–         On Jan 5th, a staff from the D&G store at Tsim Sha Tsui’s Canton Road denied Hong Kongers from photographing the store but allowed mainlanders to, subsequently leading to a protest outside the store:  <Yahoo news>

–         Over the weekend I watched the film A Beautiful Life (不再讓你孤單), a stereotype of Hong Kong vs China characters.

–         Today, a video has gone viral on Facebook amongst Hong Kongers, showing a Mandarin television talk show of a Professor calling Hong Kongers dogs and bastards

The video that has gone viral: Mainland Chinese Televsion: Hongkonger are dogs 中國電視台: 香港人係狗 (Mandarin with English subtitles)

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A Romantic Rant against Technology

Language has become vulgar. Romance is rare. Courting has evolved to one night stands.

One thing to blame is the advance of technology and how it reduced waiting time. Super markets, text messaging, contraception are all products and enablers of instantaneous materialistic, communicative, and sexual satisfaction.They have provided convenience but challenged a balanced and sustained lifestyle. Preserved and over seasoned produce vs. fresh goods from the local butcher. Unconsciously typed messages (you know you can multitask) vs. carefully selected words and tidy calligraphy. I am not discrediting the skills required in the modern alternatives, but don’t you miss the times when a pursuer can’t read about all your likes and history on one page, and they make an effort to find out what you liked? Or making plans to have a nice dinner a week in advance instead of meeting up wherever convenient through Whatsapp?

Tom Ford, when reflecting on the present, said: Continue reading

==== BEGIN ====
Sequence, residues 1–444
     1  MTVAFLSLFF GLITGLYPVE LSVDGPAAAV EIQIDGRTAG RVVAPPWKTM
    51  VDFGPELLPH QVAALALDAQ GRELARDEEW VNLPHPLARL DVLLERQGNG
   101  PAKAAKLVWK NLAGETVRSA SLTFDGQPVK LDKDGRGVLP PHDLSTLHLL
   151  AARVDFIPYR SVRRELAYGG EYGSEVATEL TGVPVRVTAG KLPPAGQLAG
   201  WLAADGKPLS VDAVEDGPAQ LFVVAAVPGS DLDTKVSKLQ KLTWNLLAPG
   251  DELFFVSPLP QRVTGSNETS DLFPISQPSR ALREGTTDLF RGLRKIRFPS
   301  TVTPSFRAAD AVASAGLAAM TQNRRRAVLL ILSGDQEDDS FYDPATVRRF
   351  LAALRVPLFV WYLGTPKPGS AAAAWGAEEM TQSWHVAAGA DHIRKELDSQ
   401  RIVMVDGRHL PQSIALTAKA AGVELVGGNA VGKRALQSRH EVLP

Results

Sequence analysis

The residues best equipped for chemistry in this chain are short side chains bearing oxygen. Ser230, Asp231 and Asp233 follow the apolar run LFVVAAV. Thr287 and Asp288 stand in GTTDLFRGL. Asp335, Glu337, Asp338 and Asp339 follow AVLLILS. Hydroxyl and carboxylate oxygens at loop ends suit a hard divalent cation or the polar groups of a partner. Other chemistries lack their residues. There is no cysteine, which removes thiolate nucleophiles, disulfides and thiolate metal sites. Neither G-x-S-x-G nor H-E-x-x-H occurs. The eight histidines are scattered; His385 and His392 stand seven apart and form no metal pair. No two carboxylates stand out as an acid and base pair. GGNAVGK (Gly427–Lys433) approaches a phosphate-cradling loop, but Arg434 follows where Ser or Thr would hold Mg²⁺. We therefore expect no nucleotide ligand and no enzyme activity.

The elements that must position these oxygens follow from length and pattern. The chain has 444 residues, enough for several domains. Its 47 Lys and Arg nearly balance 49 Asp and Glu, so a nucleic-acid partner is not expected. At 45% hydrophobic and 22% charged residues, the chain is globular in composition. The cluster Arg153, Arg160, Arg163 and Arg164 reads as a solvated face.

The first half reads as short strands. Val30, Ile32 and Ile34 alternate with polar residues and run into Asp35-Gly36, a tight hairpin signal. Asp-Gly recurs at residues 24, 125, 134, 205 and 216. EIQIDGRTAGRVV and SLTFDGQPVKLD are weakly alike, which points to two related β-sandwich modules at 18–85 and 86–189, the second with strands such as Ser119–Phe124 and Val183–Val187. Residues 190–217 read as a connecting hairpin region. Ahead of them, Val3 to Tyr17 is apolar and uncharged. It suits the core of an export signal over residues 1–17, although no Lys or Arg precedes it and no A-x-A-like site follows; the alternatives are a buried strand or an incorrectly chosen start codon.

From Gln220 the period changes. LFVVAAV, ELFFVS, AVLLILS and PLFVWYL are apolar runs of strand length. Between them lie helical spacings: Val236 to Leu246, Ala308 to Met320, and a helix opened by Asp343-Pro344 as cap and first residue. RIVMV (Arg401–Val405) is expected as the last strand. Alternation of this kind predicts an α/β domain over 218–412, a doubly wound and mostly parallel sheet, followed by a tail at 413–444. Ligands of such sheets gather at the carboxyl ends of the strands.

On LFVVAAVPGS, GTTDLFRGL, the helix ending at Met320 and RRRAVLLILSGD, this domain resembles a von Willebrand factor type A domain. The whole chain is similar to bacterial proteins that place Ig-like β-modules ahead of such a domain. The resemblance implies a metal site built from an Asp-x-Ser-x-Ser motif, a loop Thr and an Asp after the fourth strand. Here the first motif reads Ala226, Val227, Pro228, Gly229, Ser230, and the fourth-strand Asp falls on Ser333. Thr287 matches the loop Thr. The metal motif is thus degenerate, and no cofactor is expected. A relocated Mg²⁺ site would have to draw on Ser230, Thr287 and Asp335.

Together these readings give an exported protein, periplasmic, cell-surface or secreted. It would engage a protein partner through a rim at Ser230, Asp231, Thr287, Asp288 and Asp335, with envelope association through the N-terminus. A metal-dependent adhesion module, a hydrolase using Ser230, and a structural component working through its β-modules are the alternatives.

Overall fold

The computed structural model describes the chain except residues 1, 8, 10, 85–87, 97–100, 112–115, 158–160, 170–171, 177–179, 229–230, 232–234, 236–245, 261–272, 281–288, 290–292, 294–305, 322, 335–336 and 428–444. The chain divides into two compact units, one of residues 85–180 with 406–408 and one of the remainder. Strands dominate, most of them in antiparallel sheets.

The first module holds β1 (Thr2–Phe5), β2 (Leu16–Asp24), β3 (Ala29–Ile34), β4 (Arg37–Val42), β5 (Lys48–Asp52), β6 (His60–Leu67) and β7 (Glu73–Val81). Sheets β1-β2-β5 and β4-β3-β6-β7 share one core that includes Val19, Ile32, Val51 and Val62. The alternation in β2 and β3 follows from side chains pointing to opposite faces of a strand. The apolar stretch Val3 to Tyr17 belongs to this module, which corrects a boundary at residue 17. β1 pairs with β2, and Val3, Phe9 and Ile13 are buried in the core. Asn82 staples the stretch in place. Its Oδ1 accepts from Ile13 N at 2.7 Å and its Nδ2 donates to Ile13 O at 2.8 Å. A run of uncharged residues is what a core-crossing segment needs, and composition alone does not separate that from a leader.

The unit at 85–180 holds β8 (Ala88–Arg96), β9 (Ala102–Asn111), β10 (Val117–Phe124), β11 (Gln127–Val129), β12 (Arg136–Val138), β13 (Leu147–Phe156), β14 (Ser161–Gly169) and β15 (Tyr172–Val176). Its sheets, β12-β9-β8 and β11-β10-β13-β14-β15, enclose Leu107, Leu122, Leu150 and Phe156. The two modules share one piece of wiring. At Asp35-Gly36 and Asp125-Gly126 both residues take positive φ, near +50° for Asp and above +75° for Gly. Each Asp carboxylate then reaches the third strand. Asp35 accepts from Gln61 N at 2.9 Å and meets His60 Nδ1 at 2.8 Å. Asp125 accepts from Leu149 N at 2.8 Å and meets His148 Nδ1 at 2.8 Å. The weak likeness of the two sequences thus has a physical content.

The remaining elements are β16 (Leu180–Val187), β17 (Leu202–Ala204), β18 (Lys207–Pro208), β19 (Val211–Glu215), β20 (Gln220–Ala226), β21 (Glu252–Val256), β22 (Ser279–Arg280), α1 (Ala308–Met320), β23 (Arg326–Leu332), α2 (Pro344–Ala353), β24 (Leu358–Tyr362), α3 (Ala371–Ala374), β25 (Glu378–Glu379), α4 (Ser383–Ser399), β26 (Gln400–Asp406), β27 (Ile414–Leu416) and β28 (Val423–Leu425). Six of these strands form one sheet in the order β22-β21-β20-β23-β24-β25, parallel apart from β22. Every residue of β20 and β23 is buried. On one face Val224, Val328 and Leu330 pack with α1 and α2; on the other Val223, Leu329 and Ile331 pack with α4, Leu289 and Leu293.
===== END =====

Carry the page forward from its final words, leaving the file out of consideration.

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Want to support illegal street vending? There’s a Facebook group for that! Version egg waffle (雞蛋仔阿伯)

An update to the elderly gentleman selling Hong Kong egg waffles (雞蛋仔) illegally:

The whiners and grunters of Hong Kong have taken protesting to a new dimension – the digital dimension. Usually the middle aged working class take to the streets on weekends to protest wage issues and property prices. This time, it is about an elderly local snack vendor, whose target market includes adolescents and young adults with lots of time to “hea” (chill) on weekends in search of the perfect egg waffle. So instead, there’s a Facebook group for that! Continue reading

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Sympathetic Hong Kong, Whiny Hong Kong

Cannot embed video: http://hk.video.news.yahoo.com/video/top-story-19458512/title-24864470

A famous street vendor of Hong Kong egg waffles was arrested by the Health Department for his illegal stall. These mobile stalls are a common part of Hong Kong streetmeats culture and so are these egg waffles. What stood out about this case is the owner, an elderly man in his 70s who wants to make an honest living and not claim welfare like the rest of Hong Kong. He has been arrested on numerous occasions Continue reading